I have been using a DSLR for many years, starting with a Nikon D60 and then upgrading to a Nikon D7000 (body only). I can use the lenses that I bought for the D60 (Read about the Nikon D60) on my D7000, and I raised some cash by selling the D60, an excellent reason to buy a DSLR. This is a step up from a compact camera where you won’t find any upgrade option for lenses, flash, etc.
As you might expect DSLRs also offer excellent image storage (often on dual memory cards), battery and operating software with lots of in-camera processing available should you need it.
In addition, they have a viewfinder, and like a film Single Lens Reflex (SLR) camera a DSLR allows the photographer to look through the lens to take the picture. This has lots of advantages over cameras with only a display and offset viewfinders found on smartphone cameras and compact cameras.
So is a DSLR the ultimate camera for me? Well, it was until recently when I looked for a solution to meet some of the downsides of a DSLR camera – heavy, large and also quite noticeable when you are capturing images in more public areas
So what solution do I favour now that fits with my requirements and aspirations? My new camera is an MFT Olympus Pen -F.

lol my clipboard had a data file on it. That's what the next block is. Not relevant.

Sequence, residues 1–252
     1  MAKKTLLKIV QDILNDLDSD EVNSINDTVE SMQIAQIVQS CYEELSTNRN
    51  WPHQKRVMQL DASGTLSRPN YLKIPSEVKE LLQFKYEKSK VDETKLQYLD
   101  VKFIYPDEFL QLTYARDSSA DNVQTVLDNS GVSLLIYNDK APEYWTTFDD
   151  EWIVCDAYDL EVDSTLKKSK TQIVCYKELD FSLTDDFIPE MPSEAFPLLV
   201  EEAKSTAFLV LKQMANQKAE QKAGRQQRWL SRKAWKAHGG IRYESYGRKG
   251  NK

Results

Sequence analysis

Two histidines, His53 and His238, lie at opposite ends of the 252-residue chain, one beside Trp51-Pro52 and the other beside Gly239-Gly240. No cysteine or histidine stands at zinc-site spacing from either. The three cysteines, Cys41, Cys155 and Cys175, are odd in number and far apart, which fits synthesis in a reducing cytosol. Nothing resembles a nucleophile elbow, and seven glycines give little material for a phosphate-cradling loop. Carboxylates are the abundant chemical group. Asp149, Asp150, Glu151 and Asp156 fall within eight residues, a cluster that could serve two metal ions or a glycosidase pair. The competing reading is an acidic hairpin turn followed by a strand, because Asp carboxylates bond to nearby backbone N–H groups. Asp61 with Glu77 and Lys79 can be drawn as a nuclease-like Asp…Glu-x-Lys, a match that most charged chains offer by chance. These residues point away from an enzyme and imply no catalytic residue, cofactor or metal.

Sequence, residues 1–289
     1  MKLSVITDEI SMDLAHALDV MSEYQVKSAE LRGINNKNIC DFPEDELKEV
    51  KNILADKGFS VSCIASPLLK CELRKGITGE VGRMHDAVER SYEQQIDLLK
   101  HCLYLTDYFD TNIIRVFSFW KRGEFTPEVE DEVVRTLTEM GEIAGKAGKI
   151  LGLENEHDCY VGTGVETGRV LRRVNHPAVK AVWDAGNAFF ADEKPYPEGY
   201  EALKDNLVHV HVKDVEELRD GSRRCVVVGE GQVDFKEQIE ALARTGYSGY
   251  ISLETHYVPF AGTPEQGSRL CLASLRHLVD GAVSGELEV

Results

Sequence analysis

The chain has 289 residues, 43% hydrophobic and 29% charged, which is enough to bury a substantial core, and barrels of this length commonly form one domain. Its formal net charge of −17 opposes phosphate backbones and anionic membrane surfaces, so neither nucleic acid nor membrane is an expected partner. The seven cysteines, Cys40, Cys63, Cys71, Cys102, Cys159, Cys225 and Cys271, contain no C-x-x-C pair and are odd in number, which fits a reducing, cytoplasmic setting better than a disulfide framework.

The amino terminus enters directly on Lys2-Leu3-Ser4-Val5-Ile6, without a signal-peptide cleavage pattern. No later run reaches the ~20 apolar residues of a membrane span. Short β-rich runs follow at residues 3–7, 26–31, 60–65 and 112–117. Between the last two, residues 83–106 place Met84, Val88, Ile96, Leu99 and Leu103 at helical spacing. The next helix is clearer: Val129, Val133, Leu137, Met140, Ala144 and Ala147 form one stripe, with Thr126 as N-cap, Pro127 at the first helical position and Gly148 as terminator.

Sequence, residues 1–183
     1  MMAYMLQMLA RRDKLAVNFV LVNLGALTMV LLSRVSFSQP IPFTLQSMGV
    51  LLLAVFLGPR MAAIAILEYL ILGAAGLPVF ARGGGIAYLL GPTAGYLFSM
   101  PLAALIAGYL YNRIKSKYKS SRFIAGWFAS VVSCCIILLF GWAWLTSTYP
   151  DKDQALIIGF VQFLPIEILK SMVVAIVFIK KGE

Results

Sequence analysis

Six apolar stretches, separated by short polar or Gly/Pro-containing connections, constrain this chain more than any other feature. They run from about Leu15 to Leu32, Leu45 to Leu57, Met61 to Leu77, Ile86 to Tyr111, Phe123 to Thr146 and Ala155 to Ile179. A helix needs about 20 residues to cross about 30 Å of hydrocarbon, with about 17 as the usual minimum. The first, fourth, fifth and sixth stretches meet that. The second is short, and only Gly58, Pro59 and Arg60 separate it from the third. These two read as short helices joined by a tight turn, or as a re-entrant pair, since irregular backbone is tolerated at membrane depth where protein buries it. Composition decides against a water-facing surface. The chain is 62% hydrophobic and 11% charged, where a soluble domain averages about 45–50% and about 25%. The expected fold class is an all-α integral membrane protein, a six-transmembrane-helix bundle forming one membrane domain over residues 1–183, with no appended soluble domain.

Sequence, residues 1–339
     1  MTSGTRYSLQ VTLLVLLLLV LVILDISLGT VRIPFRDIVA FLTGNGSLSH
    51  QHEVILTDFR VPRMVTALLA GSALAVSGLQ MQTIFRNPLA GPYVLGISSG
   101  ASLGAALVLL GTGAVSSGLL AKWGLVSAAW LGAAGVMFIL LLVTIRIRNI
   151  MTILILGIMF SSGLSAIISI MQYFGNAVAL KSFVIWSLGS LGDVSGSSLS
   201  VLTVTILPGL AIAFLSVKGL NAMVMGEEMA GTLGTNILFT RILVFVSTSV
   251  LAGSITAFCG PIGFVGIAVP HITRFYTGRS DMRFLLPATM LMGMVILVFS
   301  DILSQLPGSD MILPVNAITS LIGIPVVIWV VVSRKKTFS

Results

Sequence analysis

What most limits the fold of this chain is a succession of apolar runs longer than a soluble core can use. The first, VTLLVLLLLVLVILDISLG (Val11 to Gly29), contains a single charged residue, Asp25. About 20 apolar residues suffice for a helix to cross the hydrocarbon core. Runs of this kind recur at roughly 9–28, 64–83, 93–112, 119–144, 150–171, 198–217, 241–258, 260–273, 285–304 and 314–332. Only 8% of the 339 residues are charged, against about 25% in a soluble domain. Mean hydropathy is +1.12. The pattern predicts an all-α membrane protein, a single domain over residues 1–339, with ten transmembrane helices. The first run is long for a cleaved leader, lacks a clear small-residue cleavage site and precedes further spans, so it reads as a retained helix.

Mirrorless cameras are relatively new on the scene. As the name suggests, a mirrorless camera is one that doesn’t require a reflex mirror, a key component of DSLR (and film SLR) cameras. The mirror in a DSLR reflects the light up to the optical viewfinder. In a mirrorless camera, there is no optical viewfinder. Instead, the imaging sensor is exposed to light at all times. This gives you a digital preview of your image either on the rear LCD screen or an electronic viewfinder (EVF). The EVF can also display information about exposure settings to help you capture great photos.
Without the hefty mirror box taking up space inside the camera body, mirrorless cameras can be made much smaller than their DSLR counterparts. This is never truer than with micro four-thirds (MFT or M4/3) cameras made by Olympus and Panasonic.